National Assessment of
Alaska's forests are renewable resources that help maintain wildlife habitat, yield domestic and international forest products and encourage tourism. Alaska's forests could also potentially sequester more carbon as they grow more under favorable conditions such as warmer temperatures. Forests cover 129 million acres of Alaska, about one third of the State. Past climate changes and the resulting short-term forest responses (e.g., increases in productivity) could provide insights into how Alaska's forests would respond to future climate change. However, over the longer term, climate change is likely to bring large landscape-level vegetation changes to both forest and tundra regions in Alaska.
Alaska is home to two types of forests, classified as coastal temperate rainforests (about 10%) and boreal forests. Coastal temperate forests are located in the southeast and south-central regions of Alaska, covering roughly 13 million acres -- 19% of the world's coastal temperate forests. Climate change could positively impact these forests -- through increases in average tree growth and forest productivity, diversity in species, and expansion of forests into the boreal zone and the tundra. And yet, future climate change associated with increases in the incidence of destructive winds and insect infestations and in increases in summer moisture deficit could compromise Alaska's coastal forests.
Boreal forests, which cover 17% of the Earth's land surface area, are found in Alaska's south-central and interior regions. Models consistently project large-scale transformation of Arctic landscapes, where the northern edge of the boreal forest advances into the tundra. Even with these projections, concerns for Alaska's boreal forests from projected climate changes include: a loss in the moisture needed for forest growth; insect-induced tree mortality; increased risk of large fires; interference with the reproduction of white spruce, a biological and economic concern; and the changes caused by permafrost thaw e.g., slumping of land and wetland development from thaw water.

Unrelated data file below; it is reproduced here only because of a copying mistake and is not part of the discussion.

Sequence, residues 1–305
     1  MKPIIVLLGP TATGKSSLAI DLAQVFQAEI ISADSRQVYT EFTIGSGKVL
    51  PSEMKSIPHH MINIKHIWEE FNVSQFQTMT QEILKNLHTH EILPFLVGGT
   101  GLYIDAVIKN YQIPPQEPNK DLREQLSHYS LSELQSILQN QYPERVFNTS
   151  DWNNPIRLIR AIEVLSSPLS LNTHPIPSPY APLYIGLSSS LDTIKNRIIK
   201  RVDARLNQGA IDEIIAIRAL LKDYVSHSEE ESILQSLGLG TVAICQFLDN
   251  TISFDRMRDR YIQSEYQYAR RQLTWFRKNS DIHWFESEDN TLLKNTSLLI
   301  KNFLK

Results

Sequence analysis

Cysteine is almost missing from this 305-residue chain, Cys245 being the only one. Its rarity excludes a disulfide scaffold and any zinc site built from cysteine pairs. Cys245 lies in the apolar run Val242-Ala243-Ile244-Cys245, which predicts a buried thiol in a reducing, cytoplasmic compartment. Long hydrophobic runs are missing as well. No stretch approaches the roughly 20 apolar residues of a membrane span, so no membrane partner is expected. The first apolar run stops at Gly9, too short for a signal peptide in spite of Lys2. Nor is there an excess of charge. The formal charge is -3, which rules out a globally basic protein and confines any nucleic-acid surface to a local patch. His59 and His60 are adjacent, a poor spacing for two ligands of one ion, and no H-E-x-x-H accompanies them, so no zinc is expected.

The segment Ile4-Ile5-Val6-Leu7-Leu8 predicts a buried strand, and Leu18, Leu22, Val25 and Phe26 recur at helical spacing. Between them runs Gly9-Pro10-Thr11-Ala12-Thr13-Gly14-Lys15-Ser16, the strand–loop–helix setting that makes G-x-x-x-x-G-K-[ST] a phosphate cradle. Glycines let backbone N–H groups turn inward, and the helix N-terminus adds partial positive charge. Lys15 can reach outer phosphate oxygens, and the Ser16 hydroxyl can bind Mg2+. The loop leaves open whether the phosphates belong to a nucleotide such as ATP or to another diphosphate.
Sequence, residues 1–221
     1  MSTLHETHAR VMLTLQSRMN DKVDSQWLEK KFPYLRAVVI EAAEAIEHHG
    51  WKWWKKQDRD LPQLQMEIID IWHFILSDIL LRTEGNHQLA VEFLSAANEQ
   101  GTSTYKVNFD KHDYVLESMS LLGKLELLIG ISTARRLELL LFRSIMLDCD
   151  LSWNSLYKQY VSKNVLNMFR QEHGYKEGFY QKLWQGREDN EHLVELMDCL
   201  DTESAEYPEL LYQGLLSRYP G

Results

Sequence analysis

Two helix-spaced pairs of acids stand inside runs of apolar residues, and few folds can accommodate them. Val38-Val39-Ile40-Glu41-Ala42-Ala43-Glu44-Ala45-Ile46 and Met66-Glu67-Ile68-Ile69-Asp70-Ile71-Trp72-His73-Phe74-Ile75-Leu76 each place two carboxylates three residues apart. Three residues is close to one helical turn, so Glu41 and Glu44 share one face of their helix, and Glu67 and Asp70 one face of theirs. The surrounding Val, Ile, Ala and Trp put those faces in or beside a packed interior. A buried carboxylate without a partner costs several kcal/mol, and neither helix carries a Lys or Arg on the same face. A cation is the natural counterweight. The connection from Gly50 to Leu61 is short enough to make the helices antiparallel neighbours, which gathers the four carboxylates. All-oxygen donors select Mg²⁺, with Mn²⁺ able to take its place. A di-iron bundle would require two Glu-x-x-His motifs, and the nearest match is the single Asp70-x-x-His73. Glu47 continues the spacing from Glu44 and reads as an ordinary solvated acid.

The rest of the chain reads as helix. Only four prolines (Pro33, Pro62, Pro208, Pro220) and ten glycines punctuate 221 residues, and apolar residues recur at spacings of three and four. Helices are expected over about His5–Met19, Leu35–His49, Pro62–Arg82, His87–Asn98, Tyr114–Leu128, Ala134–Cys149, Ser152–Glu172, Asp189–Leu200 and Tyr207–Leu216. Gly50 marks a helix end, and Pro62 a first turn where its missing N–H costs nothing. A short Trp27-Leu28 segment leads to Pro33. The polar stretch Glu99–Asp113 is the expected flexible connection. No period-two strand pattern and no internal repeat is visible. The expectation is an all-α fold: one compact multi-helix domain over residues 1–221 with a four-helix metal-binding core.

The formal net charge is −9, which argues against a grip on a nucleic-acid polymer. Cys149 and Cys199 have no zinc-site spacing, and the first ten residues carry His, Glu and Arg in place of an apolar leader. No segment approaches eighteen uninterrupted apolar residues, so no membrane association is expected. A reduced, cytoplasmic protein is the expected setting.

Potential impacts of projected climate change in Alaska's forests are examined below, with social and economic impacts -- closely related -- addressed jointly. Strategies that could prove useful in addressing these impacts concludes the discussion.
Recent warming in Alaska has increased average growing degree-days by about 20% over the state, bringing apparent increases in forest productivity on sites that are not moisture limited -- principally in the southern coastal forest, but also including some regions of the boreal zone. At the northern margin of the boreal forest, the present climate already favors forest expansion into the tundra zone, particularly on the Seward Peninsula. The potential for such expansion is estimated as 35 miles per °F of climate warming. On sites that are moisture-limited, which occur through much of the interior, recent warming has apparently increased moisture stress and reduced productivity. Near Fairbanks the average number of days exceeding 80°F annually has tripled since 1950, imposing moisture stress on white spruce stands that result in loss of productivity with warm, dry summers. It has been suggested that the past 20 years have seen the greatest moisture stress and lowest productivity of the 20th century through much of the interior boreal forest.
Substantial changes in patterns of forest disturbance, including insect outbreaks, blowdown (from strong winds), and fire, have also been observed in both the boreal and southeast coastal forest. A sustained outbreak of spruce bark beetles since 1992 has caused over 2.3 million acres of tree mortality on the Kenai Peninsula, the largest loss from a single outbreak documented in the history of North America. The association of warmer temperatures with both accelerated beetle development times and increased tree vulnerability through moisture stress makes it likely that recent warming contributed to the outbreak. Outbreaks of defoliating insects in the boreal forest, including spruce budworm, coneworm, and larch sawfly, have also increased sharply in the 1990s, affecting a cumulative total of 800,000 acres. Susceptibility of interior forests to insect attack could also have increased due to canopy breakage from the heavy snow loads typical of warmer winters.
In Southeast forests, warmer winters since the 1970s with more precipitation falling as rain have reduced the frequency of low and moderate-elevation avalanches, allowing mountain hemlock to colonize alpine tundra. Reduced low-elevation snowpack has also likely contributed to the extensive decline of yellow cedar in the coastal forests, due to freezing of their shallow root systems during winter cold spells with no insulating snow cover. Over the same period, the southern coastal forests have also seen a marked increase in the frequency of gale-force winds, which is the primary disturbance in these forests. The southern coastal forests have also experienced outbreaks of the defoliating western black-headed budworm that appear to be triggered by warm dry summers.